by Russ Cooper
Since she was a little girl, Niloofar Moradi
had dreams of working at NASA. If she ever wished for this upon a star, after this summer, she's one step closer to it.
"To become an astronaut has always been my dream. I never knew this could happen and there I was. As an intern, yes, but there I was."
The fourth-year mechanical engineering student overcame many obstacles to spend six weeks this summer at the NASA Glenn Research Centre in Cleveland, Ohio as part of the Concordia Institute of Aerospace Design and Innovation
(CIADI) Global program.
The program is a chance for ENCS undergrads to work with aerospace companies in various locations and contribute to real industry engineering projects. Students are not graded, but are required to attend progress meetings, give presentations and submit a report at the end of their contract.
What started in 2001 with 26 students and six industrial partners has now grown to over 100 students with 26 partners. Over its history, CIADI Global participants have ventured to PWC in Poland, Embraer in Brazil, Airbus Spain, Lufthansa in San Diego, and beyond.
In Cleveland, Moradi joined a team running tests to increase the efficiency of a specific type of compressor. She worked to collect data, refine it into understandable segments and provide insight for its application to project goals.
As it turns out, the 22-year old Moradi nearly didn't have the chance to do any of those things. Iranian-born and living in Montreal for five years, she only received her Canadian citizenship three days before her departure June 4.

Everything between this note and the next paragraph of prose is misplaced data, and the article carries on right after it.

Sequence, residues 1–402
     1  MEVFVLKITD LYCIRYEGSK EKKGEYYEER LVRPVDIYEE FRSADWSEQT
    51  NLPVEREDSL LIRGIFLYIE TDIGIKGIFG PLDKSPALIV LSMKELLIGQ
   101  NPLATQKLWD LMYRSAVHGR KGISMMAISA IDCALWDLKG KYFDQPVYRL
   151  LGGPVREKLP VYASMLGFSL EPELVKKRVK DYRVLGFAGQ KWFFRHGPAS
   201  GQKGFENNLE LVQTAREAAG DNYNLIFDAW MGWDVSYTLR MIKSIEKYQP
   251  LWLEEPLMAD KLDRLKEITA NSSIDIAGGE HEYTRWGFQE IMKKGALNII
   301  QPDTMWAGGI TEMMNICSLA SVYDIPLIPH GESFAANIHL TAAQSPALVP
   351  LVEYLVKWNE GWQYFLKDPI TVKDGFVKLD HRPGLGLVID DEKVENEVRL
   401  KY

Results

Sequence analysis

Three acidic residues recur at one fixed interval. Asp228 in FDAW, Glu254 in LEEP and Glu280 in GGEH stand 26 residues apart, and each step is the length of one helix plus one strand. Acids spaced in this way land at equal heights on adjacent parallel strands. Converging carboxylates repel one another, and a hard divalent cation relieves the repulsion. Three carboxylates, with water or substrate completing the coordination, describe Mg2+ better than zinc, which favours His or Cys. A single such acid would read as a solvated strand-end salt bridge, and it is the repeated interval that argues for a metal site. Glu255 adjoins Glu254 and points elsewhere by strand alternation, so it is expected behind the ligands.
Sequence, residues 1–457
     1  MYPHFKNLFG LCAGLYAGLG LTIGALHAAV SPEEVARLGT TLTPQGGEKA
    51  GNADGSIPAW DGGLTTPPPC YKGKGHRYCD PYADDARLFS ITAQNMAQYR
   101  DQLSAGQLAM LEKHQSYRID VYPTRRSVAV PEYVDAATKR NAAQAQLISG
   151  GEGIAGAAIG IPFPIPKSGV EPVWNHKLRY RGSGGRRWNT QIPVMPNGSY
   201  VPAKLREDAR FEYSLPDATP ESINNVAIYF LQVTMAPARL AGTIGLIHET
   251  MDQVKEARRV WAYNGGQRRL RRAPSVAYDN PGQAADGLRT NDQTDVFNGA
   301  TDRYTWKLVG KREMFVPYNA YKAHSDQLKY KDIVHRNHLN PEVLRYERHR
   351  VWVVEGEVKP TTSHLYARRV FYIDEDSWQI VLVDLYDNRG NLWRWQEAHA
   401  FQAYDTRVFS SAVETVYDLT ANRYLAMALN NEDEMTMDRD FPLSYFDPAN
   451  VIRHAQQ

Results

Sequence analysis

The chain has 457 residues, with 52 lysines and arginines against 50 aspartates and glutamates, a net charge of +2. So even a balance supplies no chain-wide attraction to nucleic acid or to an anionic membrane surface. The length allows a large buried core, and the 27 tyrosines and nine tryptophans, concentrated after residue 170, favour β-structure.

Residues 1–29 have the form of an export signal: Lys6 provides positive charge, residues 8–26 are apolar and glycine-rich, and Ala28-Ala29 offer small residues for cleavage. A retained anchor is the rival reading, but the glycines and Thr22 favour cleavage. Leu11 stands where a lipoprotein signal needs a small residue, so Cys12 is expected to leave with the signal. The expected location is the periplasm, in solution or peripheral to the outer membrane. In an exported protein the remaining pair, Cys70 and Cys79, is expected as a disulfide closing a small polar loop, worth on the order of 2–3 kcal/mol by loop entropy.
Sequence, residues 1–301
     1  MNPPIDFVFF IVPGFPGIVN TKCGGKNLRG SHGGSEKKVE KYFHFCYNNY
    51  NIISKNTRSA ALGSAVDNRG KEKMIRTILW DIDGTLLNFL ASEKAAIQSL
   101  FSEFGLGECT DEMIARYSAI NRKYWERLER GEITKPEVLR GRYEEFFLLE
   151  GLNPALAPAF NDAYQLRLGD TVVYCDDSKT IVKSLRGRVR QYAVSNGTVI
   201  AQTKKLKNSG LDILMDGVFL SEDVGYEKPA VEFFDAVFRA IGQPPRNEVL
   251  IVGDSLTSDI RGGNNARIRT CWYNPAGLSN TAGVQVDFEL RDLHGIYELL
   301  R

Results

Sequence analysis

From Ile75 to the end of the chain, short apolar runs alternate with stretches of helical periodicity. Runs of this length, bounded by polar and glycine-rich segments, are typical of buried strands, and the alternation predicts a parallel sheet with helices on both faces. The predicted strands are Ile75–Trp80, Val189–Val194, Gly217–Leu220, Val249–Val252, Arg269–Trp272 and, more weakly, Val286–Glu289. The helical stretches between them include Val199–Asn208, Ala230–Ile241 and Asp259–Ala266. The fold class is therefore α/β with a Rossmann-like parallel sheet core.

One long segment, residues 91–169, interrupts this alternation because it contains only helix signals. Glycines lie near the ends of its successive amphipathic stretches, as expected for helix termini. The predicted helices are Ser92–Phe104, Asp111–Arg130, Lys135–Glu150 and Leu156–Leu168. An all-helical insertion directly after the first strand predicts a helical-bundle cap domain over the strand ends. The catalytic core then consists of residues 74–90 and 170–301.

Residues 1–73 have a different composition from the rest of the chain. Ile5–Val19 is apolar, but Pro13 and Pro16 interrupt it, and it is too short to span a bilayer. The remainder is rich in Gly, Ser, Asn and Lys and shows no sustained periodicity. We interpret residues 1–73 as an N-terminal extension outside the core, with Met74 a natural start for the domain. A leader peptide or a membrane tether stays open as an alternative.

Not to be dissuaded by bureaucratic rigmarole, Moradi had never been to the U.S. before this trip. Another hurdle? This would be the first time she'd ever lived away from home.
"I went through quite a bit [to have this experience]," she says. "I know it made me a lot stronger."
Once she arrived, she states the experience would've been much more difficult if it weren't for her supervisor and mentor NASA Aerospace Engineer Edward Braunscheidel. Along with working professionally side-by-side, Braunscheidel also helped Moradi with day-to-day aspects of life often forgotten by someone who's out of her element for the first time.
"He showed me around, he helped me get a cell phone, he helped me with so much," she says. "He is one of the best people I've met in my life."
"She was very nice to work with. She was very responsible and receptive to the work. It was a great experience," says Braunscheidel.
In hearing about the life of an astronaut first-hand, she's gained perspective about the personal and professional sacrifices one must make to chase that dream. For now, though, Moradi is concentrating on her final year, taking it one small step at a time.
"We have an expression in Persian; when you throw an apple in the air, it turns a thousand times before it reaches your hand. I'm going to stop planning and wait for the apple to fall back into my hand before I check what side is up."